- 3.4 Design Alternatives
- Introduction to Design Alternatives
- The Second Biggest Mistake
- The Design Space
- Individual Brainstorming
- Challenges in Group Brainstorming
- Fleshing Out Ideas
Lesson 3.4：Design Alternatives
3.4 Design Alternatives
Introduction to Design Alternatives
The second phase of the design life cycle is “design alternatives”. In this phase, we start to brainstorm how to accomplish the task we’ve been investigating. It involves 1) generating ideas for designs and 2) exploring those ideas to decide which one(s) to pursue.
The Second Biggest Mistake
- The biggest mistake: jumping straight to designing an interface without understanding the users or understanding the task.
- The second biggest mistake: settling on a single design idea or a single genre of design ideas too early.
The bottom line is to explore all the design ideas thoroughly before going forward with the design.
The Design Space
- the design space is the area in which we design our solutions to a given problem
- the space of possible ideas might expand during the design process
- The goal of brainstorming is to generate a lot of ideas.
- Research shows Individual brainstorming (IB) is better than group brainstormings (GB) because IB can focus on idea generating while GB tends to coalesce around ideas.
Flow: start out individually -> Generate a lot of ideas -> Don’t judge, Write down everything.
5 Tips: Individual Brainstorming
- write down the core problem. Keep this visible.
- Constrain yourself. try to generate ideas for as many scenarios as possible.
- Aim for 20. This forces you to think through the problem.
- Take a break. Let the brain works subconsciously.
- Divide and conquer. Divide big problems into smaller problems and brainstorm solutions to those.
Challenges in Group Brainstorming
- social loafing. People often don’t tend to work as hard in groups as they would individually.
- conformity, people in groups tend to want to agree. This is against the goal of brainstorming (diversion thinking, lots of ideas)
- production blocking. In group brainstorming, dominant individuals might block others’ participation.
- Performance matching. People tend to converge in terms of passion and performance, which can lead to a loss of momentum over time.
- power dynamics or biases affect the brainstorming process.
Rules for Group Brainstorming
1957, Osbourne’s rules:
- Expressiveness. Any idea that comes to mind, share it out loud, no matter how strange
- nonevaluation. No criticizing ideas, no evaluating the ideas themselves yet.
- quantity. Brainstorming as many as possible.
- building. Try to build on ideas to generate more strong ideas.
Oxley, Dzindolet and Paulus (1996) presented four additional rules.
- Stay focused. Keep the goal in mind at all times.
- no explaining ideas. Say the idea and move on. No justifying ideas.
- when you hit a roadblock, revisit the problem. Say it again out loud.
- encourage others. Give everyone changes to speak up.
5 Tips: Group Brainstorming
- go through every individual idea. individual brainstorming ahead of time and bring ideas to the group brainstorming session.
- Find the optimal size. five people.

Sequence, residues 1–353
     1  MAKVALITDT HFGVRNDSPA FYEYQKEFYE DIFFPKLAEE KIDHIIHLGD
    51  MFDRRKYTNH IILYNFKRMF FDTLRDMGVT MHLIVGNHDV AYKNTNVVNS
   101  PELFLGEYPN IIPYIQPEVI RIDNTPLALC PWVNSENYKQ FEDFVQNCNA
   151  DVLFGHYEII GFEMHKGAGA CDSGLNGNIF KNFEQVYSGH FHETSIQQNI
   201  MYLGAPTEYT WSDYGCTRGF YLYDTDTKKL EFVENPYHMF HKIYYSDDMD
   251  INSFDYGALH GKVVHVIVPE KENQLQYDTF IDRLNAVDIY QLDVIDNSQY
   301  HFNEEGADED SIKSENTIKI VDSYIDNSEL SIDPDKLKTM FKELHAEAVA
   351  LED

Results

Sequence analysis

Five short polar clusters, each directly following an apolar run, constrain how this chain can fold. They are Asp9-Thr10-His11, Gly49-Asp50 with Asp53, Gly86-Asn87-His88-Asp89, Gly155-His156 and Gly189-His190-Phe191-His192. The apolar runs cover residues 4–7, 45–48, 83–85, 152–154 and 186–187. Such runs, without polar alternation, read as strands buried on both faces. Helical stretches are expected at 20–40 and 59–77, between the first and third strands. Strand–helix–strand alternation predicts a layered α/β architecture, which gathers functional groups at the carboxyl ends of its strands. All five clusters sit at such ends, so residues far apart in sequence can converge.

- Set clear rules for communication. Get a 20-second timer and when someone starts talking, start it.
- Set clear expectations. 1) set the session to go a certain amount of time or 2)dictate that a certain number of ideas must get generated.
- End with ideas, not decisions.
Fleshing Out Ideas
- With personas we create actual characters to represent our users.
- We want to be able to mentally simulate her for the tasks
- create at least three ~ four or more of these different personas representing different elements of our designs, different elements of our task.
- a large number of user profiles can help to explore the full design space.
- user profiles are defined by a number of different variables about our users
- User profiles help designers to understand users groups, and to what profiles they designing for.
- common mistakes: have no users in mind in design or try to design for everyone (not feasible)
Building on the idea of a persona, we can take that person and stretch her out over time and understand (What is she thinking, what is she doing at various stages of interacting with our interface or interacting with the task at hand).
Scenarios and Storyboards
- Scenarios let us discuss specific kinds of interactions and events that we want to be able to handle
- Scenarios and storyboards are more specific than timeline: They’re about a particular person interacting in a particular way, with particular events coming up.
User models are more objective and meant to give us a measurable and comparable view of the user experience.
- So ideally, the result of this kind of analysis is we would be able to say that the different alternatives have these different phases and these different phases have different efficiencies or different speeds associated with them.
- Rule out any of the ideas that are just technologically unfeasible.
- Rule out the options that are unfeasible for some more practical reasons.
- Create some timelines, covering a sequence of events in exercising to use to explore these alternatives further. I
- use my user persona’s to explore the cognitive load of the users in these different alternatives.
- have three design alternatives to exploring or prototyping stage.